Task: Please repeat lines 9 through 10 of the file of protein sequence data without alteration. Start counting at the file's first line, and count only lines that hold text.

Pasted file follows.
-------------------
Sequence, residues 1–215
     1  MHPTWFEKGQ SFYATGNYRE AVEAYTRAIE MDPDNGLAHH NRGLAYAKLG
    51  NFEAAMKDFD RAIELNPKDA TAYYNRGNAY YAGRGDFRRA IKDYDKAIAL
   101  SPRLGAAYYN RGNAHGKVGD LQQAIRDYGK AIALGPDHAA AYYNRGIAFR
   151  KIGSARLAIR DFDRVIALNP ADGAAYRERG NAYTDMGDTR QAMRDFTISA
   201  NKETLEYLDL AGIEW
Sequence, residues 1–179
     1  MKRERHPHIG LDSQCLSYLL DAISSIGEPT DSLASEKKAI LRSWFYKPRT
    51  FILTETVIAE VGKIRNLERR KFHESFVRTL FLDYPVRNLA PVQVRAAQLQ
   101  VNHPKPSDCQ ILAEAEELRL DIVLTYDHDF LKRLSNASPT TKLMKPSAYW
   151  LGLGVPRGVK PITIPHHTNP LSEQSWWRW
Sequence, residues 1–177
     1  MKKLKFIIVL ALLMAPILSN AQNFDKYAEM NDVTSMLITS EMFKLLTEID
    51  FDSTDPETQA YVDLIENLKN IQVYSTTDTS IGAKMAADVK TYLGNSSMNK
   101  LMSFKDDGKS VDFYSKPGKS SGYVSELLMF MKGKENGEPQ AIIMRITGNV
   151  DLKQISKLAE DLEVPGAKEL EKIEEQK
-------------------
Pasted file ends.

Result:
    51  FILTETVIAE VGKIRNLERR KFHESFVRTL FLDYPVRNLA PVQVRAAQLQ
   101  VNHPKPSDCQ ILAEAEELRL DIVLTYDHDF LKRLSNASPT TKLMKPSAYW